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Mutant
(© Biswapriya Purkayastha)

Page 1

Moolora was the ugliest mutant in Spock City.

Now that is saying something. Spock City, after all, as anyone who’s ever gone there is aware, is crammed to the brim full of mutants, and no wonder too, given the amount of hard radiation raining down on it all the time. In fact, there are so many mutants that a normal homosapien like you or me is so rare as to be almost an object of suspicion. And, of course, mutants are ugly.

But even among them Moolora was unique in her ugliness.

"That Moolora," a Spockian would say to another when they saw her pass. "Her looks would melt the teeth off a sandworm!"

"We should stick her out in the Chekhov Desert and watch the sandworms run for their lives," the other person would reply.

Now, of course, this was very unfair, not just to Moolora but to the sandworms, who, as everyone knows, are despite their huge size gentle beasts which wouldn’t hurt a fly, if only there had been any in Spock City – or on all of Enterprise for that matter. But nobody thought of what was fair or otherwise when it came to making fun of Moolora.

All this, of course, probably made poor Moolora very sad, but she never said anything. One of the reasons she never said anything was that she found it difficult and exhausting to talk; the other was that it would have done no good.

Nobody wanted to listen to anything Moolora had to say.

Nobody was even sure where she came from, who her parents had been, or anything else about her. She seemed one day to be just there, hanging around the corners of the town, dressed in ragged clothes too big for her. Even she didn’t have any memories of the time before that. Most people thought she was the child of one of the mutant families living in the slum settlements around Spock City, who had abandoned their daughter in the town rather than bring her up themselves.

They didn’t blame the parents. Times were hard in Spock City, and one couldn’t expect them to bring up a half-dumb daughter with a face that could stop a clock.

But though they didn’t like her, and they made fun of her, they didn’t, of course, harm her in any way, for mutants know perfectly well they must always stick together. They even fed her and took care of her when she needed it, giving her their cast off clothes. And as the years passed, she grew tall and gangly, her hair the colour of a red giant star, and uglier and more silent than ever.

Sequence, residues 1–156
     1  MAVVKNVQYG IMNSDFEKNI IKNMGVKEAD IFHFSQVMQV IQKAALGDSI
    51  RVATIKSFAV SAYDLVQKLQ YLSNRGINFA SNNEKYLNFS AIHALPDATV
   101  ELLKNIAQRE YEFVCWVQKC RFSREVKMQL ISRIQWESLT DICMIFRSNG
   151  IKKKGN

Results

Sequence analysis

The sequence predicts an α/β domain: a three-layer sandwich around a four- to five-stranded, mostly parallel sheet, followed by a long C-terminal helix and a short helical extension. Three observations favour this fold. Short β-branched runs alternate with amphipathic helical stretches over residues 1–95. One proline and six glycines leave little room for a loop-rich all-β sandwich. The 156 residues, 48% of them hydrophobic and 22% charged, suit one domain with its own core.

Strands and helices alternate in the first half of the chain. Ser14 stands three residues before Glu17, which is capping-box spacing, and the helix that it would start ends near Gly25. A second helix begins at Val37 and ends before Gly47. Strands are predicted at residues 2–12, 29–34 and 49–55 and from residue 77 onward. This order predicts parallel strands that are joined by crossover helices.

This was all before the discovery of shatnerium on Enterprise, of course, and the planet was still very poor and hardly anyone ever went there, and even fewer to Spock City. So Moolora grew up almost never seeing an offworlder, and possibly unaware that such beings even existed.

How did she spend her days? Nobody seems to know much about that. She slept on the streets, curling up in corners where it was warm, and adamantly refused shelter when offered it. Most of the time she seemed to spend hanging around the machinery spaces – the workshops, the ventilation systems, the powerhouses – which kept Spock City going, until the machinists all became so used to her that they learned to ignore her completely. She never said anything, never got in the way. She seemed happy just to be there.

They decided that she was crazy, but harmless, and best left alone.

And then one day the pirate invasion struck Enterprise. The pirates came down from space, their longships shrieking through the air as they glowed white-hot from the friction of their passage, spraying mindbombs behind them as they went like malevolent dew. By the time the last had landed outside the towns, almost all the minds of the people had been temporarily neutralised – with a few exceptions.

The mindbombs had been constructed to be used on homosapiens, of course. They didn’t work on those mutants whose minds were too mutated, too strange. One of those mutants was Moolora.

Now the pirates hadn’t used their mindbombs just to wipe out resistance. Part of the way they made money was in the slave trade, which, as you doubtless know from history classes, was an unfortunate feature of that dismal time. The pirates would wipe out the minds of their captives till they could reach the markets where they could be sold; it made them easier to manage and transport. Once the effects of the mindbombs wore off the captives would recover their faculties, but by then it was far too late anyway.

[ Continue to page 2 ]

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Genre:Science Fiction
Type:Short story
Rating:6.55 / 10
Rated By:13 users
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